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Hoffmann, R. A wiki for the life sciences where authorship matters. Nature Genetics (2008)

Conformational studies on Arabidopsis sulfurtransferase AtStr1 with spectroscopic methods.

Sulfurtransferases/rhodaneses (Str) are enzymes widely distributed in archaea, prokaryota and eukaryota, and catalyze the transfer of sulfur from a donor molecule to a thiophilic acceptor substrate. In this reaction, Str cycles between the sulfur-free and the sulfur-substituted form. Two-domain Str consist of two globular domains of nearly identical size and conformation connected by a short linker sequence, which is elongated in plant two-domain Str proteins compared to Str in other organisms. The two-domain Arabidopsis thaliana Str1 protein (At1g79230) was expressed in Escherichia coli as a mature protein, as a variant without the elongated linker sequence, and as AtStr1C332S and AtStr1C339V. The persulfuration state of the purified recombinant proteins was investigated in the presence and absence of sulfur donors by fluorescence spectroscopy. The secondary structure was analyzed by circular dichroism (CD) in the far-UV range, while overall changes in tertiary structure were determined by CD in the near-UV range. Finally, protein stability was analyzed by tryptic digestion. The elongated linker sequence is essential for correct conformation and stability, and thereby affects the catalytic activity of AtStr1. Replacement of the catalytic cysteine residue C332 leads to higher rigidity of the molecule, whereas replacement of C339 does not lead to any conformational changes, providing evidence of the direct involvement of C339 in catalysis.[1]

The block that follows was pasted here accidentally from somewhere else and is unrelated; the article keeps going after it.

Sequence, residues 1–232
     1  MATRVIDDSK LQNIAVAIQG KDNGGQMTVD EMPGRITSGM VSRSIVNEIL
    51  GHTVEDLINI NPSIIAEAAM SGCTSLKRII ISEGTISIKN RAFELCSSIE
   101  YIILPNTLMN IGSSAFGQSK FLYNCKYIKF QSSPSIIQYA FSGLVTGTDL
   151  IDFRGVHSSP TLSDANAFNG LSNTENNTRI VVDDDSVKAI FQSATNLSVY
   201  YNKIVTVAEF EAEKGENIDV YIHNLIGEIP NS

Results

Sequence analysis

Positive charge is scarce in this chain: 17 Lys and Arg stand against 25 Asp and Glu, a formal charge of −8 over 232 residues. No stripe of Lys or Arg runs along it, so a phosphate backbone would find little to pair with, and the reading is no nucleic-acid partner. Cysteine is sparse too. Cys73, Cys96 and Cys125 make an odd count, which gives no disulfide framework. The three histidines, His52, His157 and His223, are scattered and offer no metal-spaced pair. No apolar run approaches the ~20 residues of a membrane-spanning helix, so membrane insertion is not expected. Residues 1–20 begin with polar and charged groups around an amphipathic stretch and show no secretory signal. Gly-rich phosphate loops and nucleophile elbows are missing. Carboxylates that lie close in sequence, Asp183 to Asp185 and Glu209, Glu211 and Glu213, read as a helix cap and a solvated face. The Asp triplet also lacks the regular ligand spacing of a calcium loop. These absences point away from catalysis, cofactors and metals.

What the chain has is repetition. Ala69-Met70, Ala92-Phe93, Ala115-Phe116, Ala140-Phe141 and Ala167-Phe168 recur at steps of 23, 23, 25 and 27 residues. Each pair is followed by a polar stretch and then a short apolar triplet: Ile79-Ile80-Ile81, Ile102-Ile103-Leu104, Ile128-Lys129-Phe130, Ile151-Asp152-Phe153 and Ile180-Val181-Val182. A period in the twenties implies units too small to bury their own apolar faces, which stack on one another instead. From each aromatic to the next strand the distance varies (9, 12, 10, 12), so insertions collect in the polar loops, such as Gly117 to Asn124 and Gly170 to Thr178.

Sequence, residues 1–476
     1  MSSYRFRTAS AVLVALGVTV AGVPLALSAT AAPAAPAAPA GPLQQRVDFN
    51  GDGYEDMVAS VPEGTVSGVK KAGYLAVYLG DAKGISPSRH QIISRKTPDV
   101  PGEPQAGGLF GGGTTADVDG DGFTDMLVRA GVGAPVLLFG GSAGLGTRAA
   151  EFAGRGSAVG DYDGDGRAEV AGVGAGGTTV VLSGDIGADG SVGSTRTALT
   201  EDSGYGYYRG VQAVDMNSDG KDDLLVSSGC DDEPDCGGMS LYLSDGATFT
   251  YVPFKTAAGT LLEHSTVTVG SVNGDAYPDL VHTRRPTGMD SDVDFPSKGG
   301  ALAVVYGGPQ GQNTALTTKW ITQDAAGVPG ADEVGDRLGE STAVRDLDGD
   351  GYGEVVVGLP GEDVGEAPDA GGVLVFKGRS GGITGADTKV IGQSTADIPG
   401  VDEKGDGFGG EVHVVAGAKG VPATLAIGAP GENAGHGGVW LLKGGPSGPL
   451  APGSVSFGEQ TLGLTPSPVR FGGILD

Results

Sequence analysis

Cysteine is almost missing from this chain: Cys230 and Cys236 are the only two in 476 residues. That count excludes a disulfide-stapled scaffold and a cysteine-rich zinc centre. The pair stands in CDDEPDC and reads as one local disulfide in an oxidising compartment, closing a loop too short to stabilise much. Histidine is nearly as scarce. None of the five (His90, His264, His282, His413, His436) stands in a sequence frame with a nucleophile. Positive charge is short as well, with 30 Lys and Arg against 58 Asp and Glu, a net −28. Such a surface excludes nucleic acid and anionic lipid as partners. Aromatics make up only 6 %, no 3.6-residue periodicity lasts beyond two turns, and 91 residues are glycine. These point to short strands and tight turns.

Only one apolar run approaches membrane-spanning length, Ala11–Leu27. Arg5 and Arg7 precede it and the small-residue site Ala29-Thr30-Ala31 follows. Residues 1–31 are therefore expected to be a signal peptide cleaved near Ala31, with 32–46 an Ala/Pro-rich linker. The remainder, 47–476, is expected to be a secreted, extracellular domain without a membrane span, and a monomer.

1. Conformational studies on Arabidopsis sulfurtransferase AtStr1 with spectroscopic methods. Bartels, A., Forlani, F., Pagani, S., Papenbrock, J. Biol. Chem. (2007) [Pubmed]
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